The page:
Frequently. But what I wanna make clear is that when the reporting is sourced to Turkish sources, I trust it less. The Turkish government has undertaken an aggressive and successful campaign to neutralize, if not annihilate, the reputation of the crown prince of Saudi Arabia because he represents the most significant political threat to Turkish political ambitions in the region. They have done this by dripping out information, some of which has been true, some of which is not.

What’s not true?

I’ll leave that for the trial and the Saudis to talk about.

Do you trust the legal system to tell us the truth about what happened there?

Which legal system?

Saudi Arabian.

I have no experience with the Saudi legal system. I don’t have that data.

Do you trust the Saudis to­…give a fair trial in this case?

The Saudis do not have an international reputation of unfair trials. They have a lousy reputation in the West. And there will be many who are going to be inclined to believe the worst of this trial. But there is no international reporting of which I’m aware to say that the Saudi legal system is skewed…It’s easy for those of us here to believe that in some way or another this trial was gonna go into a direction that might protect the crown prince. That, I think, will be a common perception here. But I have no reason to believe that trial won’t be fair and professional. And indeed, the results have been, per my request and per request of others, have been requested to be sufficiently transparent that we would understand that that trial was thorough.

You know, the Saudis have said from the moment that this murder happened that there was no way that the crown prince was responsible. Before there was a complete investigation. In fact, it’s continuing in a trial to be investigated. How is it possible before the trial takes place, before the– all investigations are complete to declare that the crown prince had nothing to do with it?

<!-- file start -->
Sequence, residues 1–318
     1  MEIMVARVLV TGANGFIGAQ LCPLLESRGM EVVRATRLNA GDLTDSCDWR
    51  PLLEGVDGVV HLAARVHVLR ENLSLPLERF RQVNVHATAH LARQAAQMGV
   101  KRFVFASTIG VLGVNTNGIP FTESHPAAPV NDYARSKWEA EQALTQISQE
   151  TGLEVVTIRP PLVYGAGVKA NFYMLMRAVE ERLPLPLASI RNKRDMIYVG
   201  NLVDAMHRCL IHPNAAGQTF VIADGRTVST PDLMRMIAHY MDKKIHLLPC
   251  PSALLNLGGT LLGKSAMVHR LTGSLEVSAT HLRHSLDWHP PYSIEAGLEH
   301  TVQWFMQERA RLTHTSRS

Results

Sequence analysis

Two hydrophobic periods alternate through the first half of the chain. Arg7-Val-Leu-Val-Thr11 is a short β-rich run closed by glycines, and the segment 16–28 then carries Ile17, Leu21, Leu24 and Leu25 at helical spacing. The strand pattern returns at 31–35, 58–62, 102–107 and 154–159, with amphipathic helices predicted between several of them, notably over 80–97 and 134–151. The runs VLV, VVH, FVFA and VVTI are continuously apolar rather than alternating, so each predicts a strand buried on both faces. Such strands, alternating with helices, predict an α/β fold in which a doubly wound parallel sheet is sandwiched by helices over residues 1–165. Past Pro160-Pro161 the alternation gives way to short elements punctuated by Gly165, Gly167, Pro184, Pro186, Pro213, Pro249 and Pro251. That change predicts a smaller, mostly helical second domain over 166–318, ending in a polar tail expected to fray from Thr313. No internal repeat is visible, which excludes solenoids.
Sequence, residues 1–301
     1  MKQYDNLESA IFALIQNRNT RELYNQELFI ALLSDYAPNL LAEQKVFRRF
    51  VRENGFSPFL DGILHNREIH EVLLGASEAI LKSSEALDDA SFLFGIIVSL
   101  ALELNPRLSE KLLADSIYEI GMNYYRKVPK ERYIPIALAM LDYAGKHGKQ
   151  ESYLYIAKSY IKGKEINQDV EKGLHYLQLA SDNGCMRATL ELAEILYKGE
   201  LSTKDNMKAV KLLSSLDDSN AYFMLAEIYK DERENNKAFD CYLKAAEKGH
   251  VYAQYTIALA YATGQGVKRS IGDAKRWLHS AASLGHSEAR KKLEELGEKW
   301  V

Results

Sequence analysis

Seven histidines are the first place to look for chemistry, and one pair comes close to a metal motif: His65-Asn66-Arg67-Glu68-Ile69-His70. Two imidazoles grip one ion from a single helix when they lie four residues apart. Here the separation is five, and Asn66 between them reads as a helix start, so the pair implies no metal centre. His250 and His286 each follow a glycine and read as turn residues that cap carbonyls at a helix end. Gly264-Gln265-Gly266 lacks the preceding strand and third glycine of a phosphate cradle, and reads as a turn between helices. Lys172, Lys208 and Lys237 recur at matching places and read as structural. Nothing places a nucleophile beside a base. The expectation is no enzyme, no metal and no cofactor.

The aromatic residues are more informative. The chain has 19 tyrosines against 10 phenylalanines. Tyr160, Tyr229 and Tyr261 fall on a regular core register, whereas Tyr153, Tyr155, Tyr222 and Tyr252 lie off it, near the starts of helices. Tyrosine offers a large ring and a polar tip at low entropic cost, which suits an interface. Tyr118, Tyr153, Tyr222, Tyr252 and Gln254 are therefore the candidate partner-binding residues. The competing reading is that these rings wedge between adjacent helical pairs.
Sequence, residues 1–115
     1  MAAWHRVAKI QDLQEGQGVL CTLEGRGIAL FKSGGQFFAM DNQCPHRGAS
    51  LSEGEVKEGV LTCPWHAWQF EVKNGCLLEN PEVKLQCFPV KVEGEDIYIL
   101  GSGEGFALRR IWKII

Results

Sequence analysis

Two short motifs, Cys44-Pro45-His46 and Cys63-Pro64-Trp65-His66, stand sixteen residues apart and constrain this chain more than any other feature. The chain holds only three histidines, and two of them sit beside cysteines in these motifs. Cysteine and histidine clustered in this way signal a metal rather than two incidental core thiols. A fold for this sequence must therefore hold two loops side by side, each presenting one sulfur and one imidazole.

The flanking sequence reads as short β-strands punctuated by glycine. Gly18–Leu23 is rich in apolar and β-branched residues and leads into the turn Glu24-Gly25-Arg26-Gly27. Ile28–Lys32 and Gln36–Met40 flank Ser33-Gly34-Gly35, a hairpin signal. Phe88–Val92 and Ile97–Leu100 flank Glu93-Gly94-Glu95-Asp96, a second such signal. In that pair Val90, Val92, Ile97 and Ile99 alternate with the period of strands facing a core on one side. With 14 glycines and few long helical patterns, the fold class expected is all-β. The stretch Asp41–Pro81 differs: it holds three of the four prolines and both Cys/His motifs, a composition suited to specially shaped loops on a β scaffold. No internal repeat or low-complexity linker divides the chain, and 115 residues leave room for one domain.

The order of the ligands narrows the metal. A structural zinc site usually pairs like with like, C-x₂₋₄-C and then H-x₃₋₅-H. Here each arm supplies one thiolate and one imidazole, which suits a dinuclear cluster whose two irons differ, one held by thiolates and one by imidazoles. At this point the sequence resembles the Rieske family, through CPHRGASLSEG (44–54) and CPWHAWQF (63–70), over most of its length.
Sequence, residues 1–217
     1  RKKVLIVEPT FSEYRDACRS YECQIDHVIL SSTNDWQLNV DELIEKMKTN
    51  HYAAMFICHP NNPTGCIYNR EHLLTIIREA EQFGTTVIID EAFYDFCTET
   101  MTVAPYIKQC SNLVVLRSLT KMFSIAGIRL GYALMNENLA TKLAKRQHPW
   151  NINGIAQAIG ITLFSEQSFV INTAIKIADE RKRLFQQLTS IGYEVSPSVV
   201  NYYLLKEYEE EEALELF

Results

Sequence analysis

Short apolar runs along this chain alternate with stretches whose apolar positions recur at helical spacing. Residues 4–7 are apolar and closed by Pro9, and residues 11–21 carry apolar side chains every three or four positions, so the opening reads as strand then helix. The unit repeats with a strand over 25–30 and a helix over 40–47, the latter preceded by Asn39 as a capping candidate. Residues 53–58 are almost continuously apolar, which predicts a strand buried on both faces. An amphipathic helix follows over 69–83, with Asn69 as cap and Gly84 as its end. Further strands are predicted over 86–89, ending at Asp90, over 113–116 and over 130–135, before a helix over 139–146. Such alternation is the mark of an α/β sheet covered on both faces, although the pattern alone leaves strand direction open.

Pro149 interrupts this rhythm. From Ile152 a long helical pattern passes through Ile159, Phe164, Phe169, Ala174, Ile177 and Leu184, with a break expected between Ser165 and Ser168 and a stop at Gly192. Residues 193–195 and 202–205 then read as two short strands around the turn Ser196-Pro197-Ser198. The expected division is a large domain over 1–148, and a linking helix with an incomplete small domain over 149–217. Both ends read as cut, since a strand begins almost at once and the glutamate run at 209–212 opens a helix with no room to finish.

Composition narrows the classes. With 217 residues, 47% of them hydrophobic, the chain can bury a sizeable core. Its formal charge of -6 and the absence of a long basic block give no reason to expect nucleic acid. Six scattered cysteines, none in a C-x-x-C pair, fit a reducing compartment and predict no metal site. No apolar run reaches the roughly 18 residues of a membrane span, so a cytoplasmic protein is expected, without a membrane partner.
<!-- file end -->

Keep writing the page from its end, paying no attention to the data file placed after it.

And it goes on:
Well, it’s–

Does that make sense logically?

Sure. The crown prince said, “I authorize this.”

But that’s his– you take his word for it. There’s a very different perception of the Crown Prince in Saudi Arabia than outside Saudi Arabia. How is he seen inside Saudi Arabia as best we know? I mean there’s no independent polling that takes place there. But as far as you as a Saudi observer understand it.

I’ve spoken with dozens of Saudis — generally in the city of Riyadh. And if you are basically in your 40s or younger, you view this man as not necessarily the salvation of the country but a man who’s gonna make your life and the world a lot better. If you’re older than that, you view him as a person who might be moving a little too quickly. And you worry what that might mean. And if you’re much older and you’re very traditional, you’re split. You remember Saudi Arabia when women could drive and when it was a relatively liberal place in the 1960s. Or you believe that this is fundamentally against your conservative values.

And what’s the way out of this mess, as you see it?

Well, the Saudis will need a long time to prove that they are responsible players. But the Saudis must develop a decision-making architecture and demonstrate the discipline to use this to handle tough issues. It’s easy to say something like, “Don’t do stupid things.” It’s not a great solution. They haven’t done anything stupid since Khashoggi. Do we give them a medal? Are we gonna give ’em a medal in a week?

No. The answer is they need to show that they have the processes and decision-making capacity to make judgments. They may not be correct judgments. They may not be judgments we would support or would consider in our world. Because they are a different culture, a different government, with different interests. And we need to be part of their transformation. We need to be part of Saudi Arabia not because we want to sell weapons but because we want them to moderate Islam.